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Integrated Pest Management · Agriculture and Natural Resources

University of California

Best management practices to protect bees from pesticides

Adult honey bee,

Adult honey bee,
Apis mellifera.
Photo by Jack Kelly Clark.

Follow these precautions to help protect bees from pesticide poisoning:

  • Identify what species of bees are present at the site and learn the specific ways to protect them. Alkali bees, bumble bees, honey bees, leafcutter bees, and other bees vary in their biology, susceptibility to pesticides, and effectiveness in pollinating a particular crop. Methods for protecting bees and promoting pollination can differ depending on the crop and bee species.
  • Read labels carefully before deciding which pesticide to apply and follow the product directions. Know and comply with any applicable state and local regulations.
  • During prebloom, do not use an insecticide or miticide (acaricide) with a long residual time (extended-residual toxicity) or with systemic (translocated) activity. Avoid pesticides with cautions on the label that read "highly toxic to bees," "toxic to bees," "residual times," or "extended residual toxicity." Residual toxicity to bees varies greatly between pesticide products and can range from hours to a week or more.
  • Avoid applying any pesticides to plants that are flowering, particularly insecticides and miticides. Also avoid pesticide drift to nearby blooming plants, including weeds.
  • Do not tank mix insecticides or miticides with fungicides for application where plants are flowering, including weeds.
  • Do not add adjuvants to fungicide applications during bloom or when there is high honey bee activity in the field unless the product label or pesticide regulations direct an adjuvant should be added.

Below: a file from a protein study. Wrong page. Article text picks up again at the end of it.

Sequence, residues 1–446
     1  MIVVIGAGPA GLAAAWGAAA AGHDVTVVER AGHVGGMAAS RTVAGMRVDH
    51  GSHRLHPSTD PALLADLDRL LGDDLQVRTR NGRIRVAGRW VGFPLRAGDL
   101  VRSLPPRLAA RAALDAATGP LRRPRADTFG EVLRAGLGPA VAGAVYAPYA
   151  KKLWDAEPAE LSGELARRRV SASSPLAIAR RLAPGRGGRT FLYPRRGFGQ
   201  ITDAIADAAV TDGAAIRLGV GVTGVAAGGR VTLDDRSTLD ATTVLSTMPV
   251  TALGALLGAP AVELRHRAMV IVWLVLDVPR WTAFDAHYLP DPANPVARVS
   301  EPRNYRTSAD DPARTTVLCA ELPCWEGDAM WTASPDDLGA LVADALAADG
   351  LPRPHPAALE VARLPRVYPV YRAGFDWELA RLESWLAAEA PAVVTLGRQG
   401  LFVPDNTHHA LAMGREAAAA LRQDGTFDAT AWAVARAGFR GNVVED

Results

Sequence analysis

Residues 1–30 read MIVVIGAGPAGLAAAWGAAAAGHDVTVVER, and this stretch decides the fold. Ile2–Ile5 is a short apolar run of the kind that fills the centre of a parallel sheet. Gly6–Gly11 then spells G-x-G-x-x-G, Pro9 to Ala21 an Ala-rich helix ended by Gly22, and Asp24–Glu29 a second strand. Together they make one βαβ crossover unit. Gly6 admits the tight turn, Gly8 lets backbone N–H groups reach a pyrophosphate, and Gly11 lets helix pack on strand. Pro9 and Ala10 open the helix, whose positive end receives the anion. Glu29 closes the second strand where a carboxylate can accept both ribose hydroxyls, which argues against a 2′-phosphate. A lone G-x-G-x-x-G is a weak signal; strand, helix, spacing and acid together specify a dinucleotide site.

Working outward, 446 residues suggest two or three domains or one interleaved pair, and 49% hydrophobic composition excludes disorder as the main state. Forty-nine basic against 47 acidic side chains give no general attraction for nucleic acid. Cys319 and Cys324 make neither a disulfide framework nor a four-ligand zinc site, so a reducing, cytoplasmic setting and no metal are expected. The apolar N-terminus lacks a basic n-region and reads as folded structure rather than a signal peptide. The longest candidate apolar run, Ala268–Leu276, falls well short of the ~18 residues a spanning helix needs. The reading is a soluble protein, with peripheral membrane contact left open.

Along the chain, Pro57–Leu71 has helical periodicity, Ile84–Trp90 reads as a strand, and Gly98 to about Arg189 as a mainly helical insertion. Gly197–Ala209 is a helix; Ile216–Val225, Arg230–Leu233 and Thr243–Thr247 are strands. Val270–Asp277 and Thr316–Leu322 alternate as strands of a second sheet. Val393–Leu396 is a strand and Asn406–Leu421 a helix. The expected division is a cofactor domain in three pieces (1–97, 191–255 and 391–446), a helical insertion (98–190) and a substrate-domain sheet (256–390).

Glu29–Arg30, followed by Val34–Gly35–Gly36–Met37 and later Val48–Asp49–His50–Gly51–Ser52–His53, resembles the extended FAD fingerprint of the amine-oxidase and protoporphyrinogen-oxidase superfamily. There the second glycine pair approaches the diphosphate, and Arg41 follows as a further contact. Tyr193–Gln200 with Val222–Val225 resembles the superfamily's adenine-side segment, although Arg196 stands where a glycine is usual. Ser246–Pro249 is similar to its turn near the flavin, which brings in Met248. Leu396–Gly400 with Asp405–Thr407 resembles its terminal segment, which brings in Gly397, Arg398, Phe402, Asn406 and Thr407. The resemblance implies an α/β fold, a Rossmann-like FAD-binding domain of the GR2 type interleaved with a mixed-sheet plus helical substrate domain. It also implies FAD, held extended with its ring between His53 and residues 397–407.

• If a fungicide or herbicide application is warranted during bloom and allowed by the label and regulations, make the application between sunset and midnight when bees are not active. Be aware that unlike honey bees that return to a hive, some bees spend the night on plants or in soil at the site.
  • Do not directly spray bees, beehives, or bee nesting sites with any pesticide. Ensure that the applicator turns off nozzles when near beehives or nesting sites or that hives or bee boxes are removed from the area before application.
  • Either remove or cover water sources before spraying pesticide, or supply new, clean water after an application is made.
  • Use best management practices for chemigation to prevent bee exposure to pesticide-contaminated water. Chemigation drips or puddles may attract water-collecting bees.
  • Prevent the formation and movement of pesticide-contaminated dust when planting pesticide-treated seed or applying pesticide granules or pellets.
  • Contact the county agricultural commissioner to learn how to protect bees and the requirements before applying pesticides.
  • Remember to keep all parties informed of agricultural sprays, so that beekeepers are always aware of impending applications and applicators are fully informed of the parameters required regarding location, materials, method, and timing of application.
  • Use integrated pest management (IPM) to maintain healthy crops and minimize pesticide use.
  • Consult the University of California (UC) IPM Bee Precaution Pesticide Ratings to learn how to protect bees when using specific pesticides. Each crop in the UC IPM Pest Management Guidelines also has a table of Relative Toxicities of Insecticides and Miticides to Natural Enemies and Honey Bees in the General Information section.
  • Learn what types of bees are present locally and how pollinator management can enhance crop production by contacting the local UC Cooperative Extension office and consulting the California website of the Pollinator Conservation Resource Center.
  • See Protecting Natural Enemies and Pollinators for more guidance and precautions.


Adapted from Honey Bee Best Management Practices (BMPs) for California's Almond Industry, Almond Board of California.

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